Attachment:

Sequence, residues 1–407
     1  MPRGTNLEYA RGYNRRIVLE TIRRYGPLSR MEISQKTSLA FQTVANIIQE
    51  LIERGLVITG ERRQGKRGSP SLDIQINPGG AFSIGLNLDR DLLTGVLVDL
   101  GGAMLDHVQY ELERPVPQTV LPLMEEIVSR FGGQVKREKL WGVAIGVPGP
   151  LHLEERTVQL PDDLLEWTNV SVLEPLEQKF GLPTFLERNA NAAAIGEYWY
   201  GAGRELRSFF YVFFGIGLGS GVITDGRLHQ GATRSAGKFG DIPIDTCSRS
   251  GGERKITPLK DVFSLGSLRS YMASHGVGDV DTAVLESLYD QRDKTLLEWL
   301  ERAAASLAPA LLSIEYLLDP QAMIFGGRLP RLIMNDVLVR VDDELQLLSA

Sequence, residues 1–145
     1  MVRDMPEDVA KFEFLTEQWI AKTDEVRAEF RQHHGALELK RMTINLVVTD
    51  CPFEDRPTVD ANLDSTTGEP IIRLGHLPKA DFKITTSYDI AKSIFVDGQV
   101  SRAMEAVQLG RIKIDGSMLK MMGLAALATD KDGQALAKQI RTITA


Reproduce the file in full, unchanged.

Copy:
Sequence, residues 1–407
     1  MPRGTNLEYA RGYNRRIVLE TIRRYGPLSR MEISQKTSLA FQTVANIIQE
    51  LIERGLVITG ERRQGKRGSP SLDIQINPGG AFSIGLNLDR DLLTGVLVDL
   101  GGAMLDHVQY ELERPVPQTV LPLMEEIVSR FGGQVKREKL WGVAIGVPGP
   151  LHLEERTVQL PDDLLEWTNV SVLEPLEQKF GLPTFLERNA NAAAIGEYWY
   201  GAGRELRSFF YVFFGIGLGS GVITDGRLHQ GATRSAGKFG DIPIDTCSRS
   251  GGERKITPLK DVFSLGSLRS YMASHGVGDV DTAVLESLYD QRDKTLLEWL
   301  ERAAASLAPA LLSIEYLLDP QAMIFGGRLP RLIMNDVLVR VDDELQLLSA

Sequence, residues 1–145
     1  MVRDMPEDVA KFEFLTEQWI AKTDEVRAEF RQHHGALELK RMTINLVVTD
    51  CPFEDRPTVD ANLDSTTGEP IIRLGHLPKA DFKITTSYDI AKSIFVDGQV
   101  SRAMEAVQLG RIKIDGSMLK MMGLAALATD KDGQALAKQI RTITA